By Tech. Sgt. Matt Davis
| 51st Fighter Wing Public Affairs | Oct. 3, 2019
Capt. Christopher Ng, 51st Medical Operations Squadron general surgeon, left, and Tech. Sgt. Joshua Crook, 51st MDOS noncommissioned officer in charge of ambulance services, middle, are advised by an instructor from the Minnesota Air National Guard’s 109th Aeromedical Evacuation Squadron during a two-day Tactical Combat Casualty Care training course on Sept. 25, 2019, at Osan Air Base, Republic of Korea. TCCC is a joint training course that provides medical personnel with capabilities to serve in hostile combat conditions. (Photo by U.S. Air Force photo by Tech. Sgt. Matt Davis)
OSAN AIR BASE, Republic of Korea -- Medics from the 51st Medical Group participated in multiple two day Tactical Combat Casualty Care training courses recently at Osan Air Base, Republic of Korea. TCCC is a joint training course that provides medical personnel with capabilities to serve in hostile combat conditions.
The training is part of an Air Force-wide initiative to better prepare medics to serve in a variety of environments and mission conditions to better support the warfighter. Part of the initiative is to eventually phase out the current Self Aid and Buddy Care Program for all Airmen and implement TCCC as the standard.
“TCCC allows medics to deliver care in the combat environment with the intent of saving lives by utilizing critical medication and treatment protocols,” said Master Sgt. Aaron Roberts, 51st MDG primary care flight chief. “It is also mandated as part of our Air Force Comprehensive Medical Readiness Program to ensure we are trained appropriately.”
Team Osan medics spent the first day of training in a classroom setting learning advanced skills in battlefield medical care. Day two allowed medics to apply these techniques during simulated care-under-fire scenarios, while also learning how to shoot, move and communicate while treating patients in a hostile environment.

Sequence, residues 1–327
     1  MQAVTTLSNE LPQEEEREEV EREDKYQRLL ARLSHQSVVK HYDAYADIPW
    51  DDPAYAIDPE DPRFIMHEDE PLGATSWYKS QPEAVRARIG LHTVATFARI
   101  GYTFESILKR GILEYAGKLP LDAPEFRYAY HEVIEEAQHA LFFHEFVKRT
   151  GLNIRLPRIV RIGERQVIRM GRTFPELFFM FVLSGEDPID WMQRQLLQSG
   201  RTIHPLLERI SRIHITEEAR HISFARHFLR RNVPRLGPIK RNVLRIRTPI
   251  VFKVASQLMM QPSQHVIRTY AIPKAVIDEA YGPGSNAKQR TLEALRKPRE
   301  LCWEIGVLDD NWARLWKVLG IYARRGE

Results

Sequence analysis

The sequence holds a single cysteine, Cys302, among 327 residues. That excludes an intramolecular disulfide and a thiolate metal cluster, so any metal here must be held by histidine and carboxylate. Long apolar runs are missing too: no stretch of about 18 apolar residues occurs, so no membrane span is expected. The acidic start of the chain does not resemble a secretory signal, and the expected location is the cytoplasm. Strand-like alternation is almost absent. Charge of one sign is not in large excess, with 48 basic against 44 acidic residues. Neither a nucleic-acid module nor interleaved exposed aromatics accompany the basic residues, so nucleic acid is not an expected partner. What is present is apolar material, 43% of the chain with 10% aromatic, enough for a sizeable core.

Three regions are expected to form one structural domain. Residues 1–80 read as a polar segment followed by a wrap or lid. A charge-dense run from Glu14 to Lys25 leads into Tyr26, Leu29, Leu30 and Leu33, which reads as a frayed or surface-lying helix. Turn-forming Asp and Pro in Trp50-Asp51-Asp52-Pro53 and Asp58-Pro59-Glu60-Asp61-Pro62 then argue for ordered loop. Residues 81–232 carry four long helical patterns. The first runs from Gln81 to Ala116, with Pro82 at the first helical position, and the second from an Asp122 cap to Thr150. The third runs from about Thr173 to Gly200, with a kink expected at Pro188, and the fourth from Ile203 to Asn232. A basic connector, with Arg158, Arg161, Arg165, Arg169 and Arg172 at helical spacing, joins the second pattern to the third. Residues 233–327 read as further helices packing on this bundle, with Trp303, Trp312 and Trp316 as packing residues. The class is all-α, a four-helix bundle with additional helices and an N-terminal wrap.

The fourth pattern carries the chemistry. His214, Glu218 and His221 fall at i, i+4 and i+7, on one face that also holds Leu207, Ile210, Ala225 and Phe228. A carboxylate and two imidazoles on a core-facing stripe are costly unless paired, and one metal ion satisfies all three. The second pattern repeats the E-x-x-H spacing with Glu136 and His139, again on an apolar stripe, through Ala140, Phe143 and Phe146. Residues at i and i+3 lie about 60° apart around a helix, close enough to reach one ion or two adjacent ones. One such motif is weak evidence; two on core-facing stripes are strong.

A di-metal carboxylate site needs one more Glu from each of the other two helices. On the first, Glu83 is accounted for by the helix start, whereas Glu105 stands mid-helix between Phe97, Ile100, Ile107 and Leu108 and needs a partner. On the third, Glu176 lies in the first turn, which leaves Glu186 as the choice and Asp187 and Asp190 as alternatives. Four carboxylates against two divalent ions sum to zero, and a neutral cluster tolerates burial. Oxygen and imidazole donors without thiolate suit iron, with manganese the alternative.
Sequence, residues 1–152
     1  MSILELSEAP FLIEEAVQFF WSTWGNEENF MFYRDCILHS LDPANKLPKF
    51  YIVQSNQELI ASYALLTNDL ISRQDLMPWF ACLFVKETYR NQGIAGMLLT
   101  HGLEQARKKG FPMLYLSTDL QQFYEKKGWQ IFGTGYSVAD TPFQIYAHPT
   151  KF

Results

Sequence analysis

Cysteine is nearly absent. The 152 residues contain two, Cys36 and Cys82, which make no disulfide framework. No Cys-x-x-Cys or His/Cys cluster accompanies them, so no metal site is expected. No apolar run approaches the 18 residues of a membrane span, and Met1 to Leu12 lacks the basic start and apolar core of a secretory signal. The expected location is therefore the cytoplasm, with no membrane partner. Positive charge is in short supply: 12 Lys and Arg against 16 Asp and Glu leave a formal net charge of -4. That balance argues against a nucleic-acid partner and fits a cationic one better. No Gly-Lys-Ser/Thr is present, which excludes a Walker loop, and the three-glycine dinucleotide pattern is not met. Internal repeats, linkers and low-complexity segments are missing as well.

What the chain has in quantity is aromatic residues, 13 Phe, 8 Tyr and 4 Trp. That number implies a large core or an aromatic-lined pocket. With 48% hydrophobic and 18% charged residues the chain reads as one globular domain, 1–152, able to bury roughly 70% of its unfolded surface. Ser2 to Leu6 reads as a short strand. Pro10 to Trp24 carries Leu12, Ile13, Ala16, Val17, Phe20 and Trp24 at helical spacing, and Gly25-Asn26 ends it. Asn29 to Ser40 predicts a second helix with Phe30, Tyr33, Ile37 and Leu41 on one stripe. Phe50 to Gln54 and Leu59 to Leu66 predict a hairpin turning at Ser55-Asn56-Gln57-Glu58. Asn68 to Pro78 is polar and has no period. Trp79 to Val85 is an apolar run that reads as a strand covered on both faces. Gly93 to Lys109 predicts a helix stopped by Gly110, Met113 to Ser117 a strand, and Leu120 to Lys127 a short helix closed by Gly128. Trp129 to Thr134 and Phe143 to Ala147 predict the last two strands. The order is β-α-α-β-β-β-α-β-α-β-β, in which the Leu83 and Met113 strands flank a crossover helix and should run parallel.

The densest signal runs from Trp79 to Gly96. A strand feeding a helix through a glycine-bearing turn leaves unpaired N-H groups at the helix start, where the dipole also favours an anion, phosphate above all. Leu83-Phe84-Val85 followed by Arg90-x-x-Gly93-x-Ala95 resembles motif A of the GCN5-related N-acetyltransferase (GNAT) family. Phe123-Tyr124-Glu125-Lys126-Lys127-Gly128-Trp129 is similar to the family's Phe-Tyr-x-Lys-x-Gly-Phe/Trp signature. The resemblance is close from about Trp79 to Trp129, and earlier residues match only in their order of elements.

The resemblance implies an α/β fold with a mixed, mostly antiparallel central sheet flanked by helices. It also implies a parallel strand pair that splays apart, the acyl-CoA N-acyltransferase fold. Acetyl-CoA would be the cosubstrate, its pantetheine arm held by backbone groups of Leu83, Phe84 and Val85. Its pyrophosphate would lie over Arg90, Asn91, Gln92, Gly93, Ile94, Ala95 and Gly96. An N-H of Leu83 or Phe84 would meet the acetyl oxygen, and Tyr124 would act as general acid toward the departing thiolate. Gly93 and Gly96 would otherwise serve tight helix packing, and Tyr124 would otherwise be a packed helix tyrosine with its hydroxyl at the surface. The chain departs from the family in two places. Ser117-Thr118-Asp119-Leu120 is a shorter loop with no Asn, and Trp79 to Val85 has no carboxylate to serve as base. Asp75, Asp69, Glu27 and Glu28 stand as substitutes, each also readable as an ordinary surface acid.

Instructor teams from the Minnesota Air National Guard’s 109th Aeromedical Evacuation Squadron helped 51st MDG medic through each training scenario. Once a scenario was completed, the training cadre worked with each team to critique decisions made in the field.
“The most rewarding part of this training is being able to operate at the pinnacle of my scope practice,” Roberts said. “Additionally, being challenged to navigate and treat patients in environments and circumstances that I have never been exposed to.”
According to Air Force Surgeon General Public Affairs, the lessons developed in the course are battle-proven tactics currently used downrange in deployed locations.
“It’s important for Air Force medics to get this type of training to save lives. If this evidence-based training is standardized and taught to all warfighters, it could prevent needless deaths on the battlefield,” Roberts said.
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